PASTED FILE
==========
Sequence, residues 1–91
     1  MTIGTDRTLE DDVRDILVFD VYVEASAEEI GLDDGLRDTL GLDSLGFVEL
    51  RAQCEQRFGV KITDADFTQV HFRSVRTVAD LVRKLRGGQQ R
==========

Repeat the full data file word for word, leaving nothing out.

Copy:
Sequence, residues 1–91
     1  MTIGTDRTLE DDVRDILVFD VYVEASAEEI GLDDGLRDTL GLDSLGFVEL
    51  RAQCEQRFGV KITDADFTQV HFRSVRTVAD LVRKLRGGQQ R